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not cause a panic by telling people what the solution will be. i would rather look forward. what can we do to prevent more deaths from happening. we have it in the heroes act. good advice in terms of mask wearing, benefits, sanitation, and the rest. it takes money. hit has disproportionately communities of color. black families and hispanic families are four or five times more likely to go to the hospital with the coronavirus then white families. what can we do to prevent more deaths from happening? i am excited about the prospect for vaccine. -- i hoped that the
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that the president would not have interventions into clinical trials. answerand pray that the to our prayers is the vaccine. we wanted to be safe and efficacious and we want it not one day sooner or later than it is. we want the american people to trust it. in order to trust it, the political tension at the white house has to stay out of the process. there are important scientists at the food and drug administration should have the best minds working -- even in the pharmaceutical company ceos say they would not support a vaccine that has not gone through the appropriate clinical trials and approvals. the white house
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overturned the guidance by the cdc. it is most unfortunate, but again, hopefully looking forward they can keep their hands off the science so that the competence -- confidence is there that the vaccine will work if people will take it. we want them to have the trust in the scientists, even if they doubt the president. jeff: madam speaker, we are going to have to leave it there, but we hope to see you next year in better circumstances at the actual live atlantic festival. a lot of people are watching this, so that is one exciting aspect of this digital presentation, but we hope to see you again. we want to thank you for joining us.
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elosi: i love the atlantic festival because it is an exchange of ideas where we can be as candid as possible. i wish you a happy birthday. thank you. welcome, cofounder of the covid tracking project at the atlantic and atlantic staff writer alexis madrigal. ♪ hello, everyone. i am pleased to introduce dr. anthony fauci. dr. fauci, welcome to the atlantic festival. dr. fauci: thank you. are more thanere who -- 200,000 americans have died from they coronavirus, i want to bring you back to march. you said that the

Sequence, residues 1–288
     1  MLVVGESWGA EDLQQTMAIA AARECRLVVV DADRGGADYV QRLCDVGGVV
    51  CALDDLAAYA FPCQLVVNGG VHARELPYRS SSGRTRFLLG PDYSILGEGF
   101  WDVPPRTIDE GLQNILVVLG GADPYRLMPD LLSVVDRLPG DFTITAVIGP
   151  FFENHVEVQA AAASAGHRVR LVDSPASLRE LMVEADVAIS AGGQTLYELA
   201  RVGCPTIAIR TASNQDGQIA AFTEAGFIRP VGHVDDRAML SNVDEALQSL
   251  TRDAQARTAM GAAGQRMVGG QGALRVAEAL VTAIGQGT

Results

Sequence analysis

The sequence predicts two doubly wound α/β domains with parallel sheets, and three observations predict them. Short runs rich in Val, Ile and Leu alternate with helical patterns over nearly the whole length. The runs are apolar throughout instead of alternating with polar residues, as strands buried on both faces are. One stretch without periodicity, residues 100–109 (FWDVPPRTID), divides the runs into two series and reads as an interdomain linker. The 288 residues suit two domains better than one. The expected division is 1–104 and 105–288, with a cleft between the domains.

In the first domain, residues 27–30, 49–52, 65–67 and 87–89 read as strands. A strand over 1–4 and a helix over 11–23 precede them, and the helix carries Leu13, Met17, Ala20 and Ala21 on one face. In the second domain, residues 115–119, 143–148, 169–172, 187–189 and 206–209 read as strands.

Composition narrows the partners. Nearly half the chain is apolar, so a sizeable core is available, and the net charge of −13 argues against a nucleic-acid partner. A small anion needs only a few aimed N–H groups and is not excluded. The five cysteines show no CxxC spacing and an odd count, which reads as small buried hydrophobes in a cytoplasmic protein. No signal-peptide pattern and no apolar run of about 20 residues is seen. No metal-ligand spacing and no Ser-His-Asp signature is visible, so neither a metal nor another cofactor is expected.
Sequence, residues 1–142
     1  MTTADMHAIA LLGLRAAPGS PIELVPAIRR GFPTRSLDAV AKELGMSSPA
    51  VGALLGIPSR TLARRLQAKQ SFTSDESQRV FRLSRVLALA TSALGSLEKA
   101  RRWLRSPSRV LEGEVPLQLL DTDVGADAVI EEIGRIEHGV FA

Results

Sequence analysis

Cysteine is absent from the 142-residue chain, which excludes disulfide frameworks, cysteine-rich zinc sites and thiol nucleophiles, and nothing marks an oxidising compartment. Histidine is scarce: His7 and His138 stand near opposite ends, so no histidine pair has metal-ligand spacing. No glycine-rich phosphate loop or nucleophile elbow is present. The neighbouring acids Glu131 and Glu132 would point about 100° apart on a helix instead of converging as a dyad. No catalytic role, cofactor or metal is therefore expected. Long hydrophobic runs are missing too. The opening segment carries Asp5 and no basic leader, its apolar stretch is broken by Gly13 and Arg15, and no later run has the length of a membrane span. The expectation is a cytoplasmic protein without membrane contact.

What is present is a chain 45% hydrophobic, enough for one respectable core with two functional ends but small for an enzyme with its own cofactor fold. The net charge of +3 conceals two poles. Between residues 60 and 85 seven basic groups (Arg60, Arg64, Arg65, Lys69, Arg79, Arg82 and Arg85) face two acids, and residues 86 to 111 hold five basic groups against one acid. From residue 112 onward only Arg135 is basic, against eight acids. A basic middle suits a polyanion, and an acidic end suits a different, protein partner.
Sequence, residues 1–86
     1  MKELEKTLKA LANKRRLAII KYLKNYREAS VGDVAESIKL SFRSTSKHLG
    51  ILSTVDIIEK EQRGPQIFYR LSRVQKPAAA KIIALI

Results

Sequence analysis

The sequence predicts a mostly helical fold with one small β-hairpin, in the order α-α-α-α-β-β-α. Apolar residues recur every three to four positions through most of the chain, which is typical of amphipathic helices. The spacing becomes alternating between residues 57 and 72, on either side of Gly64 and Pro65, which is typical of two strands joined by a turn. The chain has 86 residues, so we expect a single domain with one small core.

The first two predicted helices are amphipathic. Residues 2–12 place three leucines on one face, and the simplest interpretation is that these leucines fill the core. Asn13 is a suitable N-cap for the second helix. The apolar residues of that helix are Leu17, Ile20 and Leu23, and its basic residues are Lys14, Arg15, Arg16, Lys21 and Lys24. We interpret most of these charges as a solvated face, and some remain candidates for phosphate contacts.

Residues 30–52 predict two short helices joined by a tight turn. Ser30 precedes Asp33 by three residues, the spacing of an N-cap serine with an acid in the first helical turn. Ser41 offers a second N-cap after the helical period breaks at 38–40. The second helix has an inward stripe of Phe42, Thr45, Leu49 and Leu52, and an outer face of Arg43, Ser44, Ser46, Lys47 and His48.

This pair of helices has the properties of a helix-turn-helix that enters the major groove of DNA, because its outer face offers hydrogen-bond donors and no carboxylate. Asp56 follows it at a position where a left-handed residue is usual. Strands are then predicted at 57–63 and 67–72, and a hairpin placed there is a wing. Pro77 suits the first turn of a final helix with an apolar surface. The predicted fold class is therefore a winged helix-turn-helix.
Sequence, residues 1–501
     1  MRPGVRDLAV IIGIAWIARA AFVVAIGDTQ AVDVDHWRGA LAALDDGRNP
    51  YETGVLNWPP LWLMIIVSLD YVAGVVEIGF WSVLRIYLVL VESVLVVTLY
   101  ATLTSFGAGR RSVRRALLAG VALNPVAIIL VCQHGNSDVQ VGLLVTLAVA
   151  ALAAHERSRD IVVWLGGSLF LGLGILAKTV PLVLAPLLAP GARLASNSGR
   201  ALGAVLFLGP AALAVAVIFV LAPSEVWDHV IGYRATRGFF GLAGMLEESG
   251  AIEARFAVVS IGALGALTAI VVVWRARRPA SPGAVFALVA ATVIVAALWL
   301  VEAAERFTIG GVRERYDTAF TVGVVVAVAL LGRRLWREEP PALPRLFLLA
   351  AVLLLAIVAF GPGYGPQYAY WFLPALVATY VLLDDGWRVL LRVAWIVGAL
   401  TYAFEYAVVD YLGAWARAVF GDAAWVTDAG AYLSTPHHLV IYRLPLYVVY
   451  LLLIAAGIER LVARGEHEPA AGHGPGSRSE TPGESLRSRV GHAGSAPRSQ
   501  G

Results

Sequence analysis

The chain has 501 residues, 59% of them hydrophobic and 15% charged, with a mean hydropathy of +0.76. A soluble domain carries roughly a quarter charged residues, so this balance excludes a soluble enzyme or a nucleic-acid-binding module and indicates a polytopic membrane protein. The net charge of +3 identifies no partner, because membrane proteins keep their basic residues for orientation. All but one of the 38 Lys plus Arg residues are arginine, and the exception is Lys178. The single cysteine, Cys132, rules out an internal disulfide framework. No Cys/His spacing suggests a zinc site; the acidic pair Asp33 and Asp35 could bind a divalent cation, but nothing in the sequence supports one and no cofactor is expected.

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middle-of-the-road -- your middle-of-the-road estimate was that 100,000 americans would die from covid-19. now that we are past the higher end of your predictions -- dr. fauci: the numbers speak for themselves. there have been some situations where things have worked well and other situations where they have not. we got hit badly particularly in the early part when the north eastern part of the country was ofounting for almost half all the infections, hospitalizations, and it deaths and then when they turned back around and came back down, they came back down to a baseline that was low and stayed low. they suffered terribly but now they are in a good place. at the situation we then went into is one that is troublesome. when we tried to reopen the
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economy a can, which i think we needed -- economy again, which i think we needed to do, what happened as we tried to reopen the country again, the states in their response to that were variable. some did not adhere strictly to the guidelines we put forth. starting off where you have a certain checkpoint in the beginning then you go to phase ii and phase 3 some try to but the people in the state and cities did not listen and congregated at bars. you saw the baseline, which was about 20,000 cases per day, which is unacceptably high, it 30,000,gradually 40,000, 50,000. one.i went up to 70,000 -- 70,000it went up to
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cases a day. 30,000 town to 40,000. that is not good, no matter how you slice it. there are parts of the country doing very well. when you look at a map of the country, we are a big country had a rog in a geographically -- geographically. there are others you are starting to see an uptick in test positivity. we know from historical observation retrospectively that when that happens you are going to have a surge. as i have said so many times, the fact is if you do this simple public health measures, universal wearing of masks, physical distancing, avoiding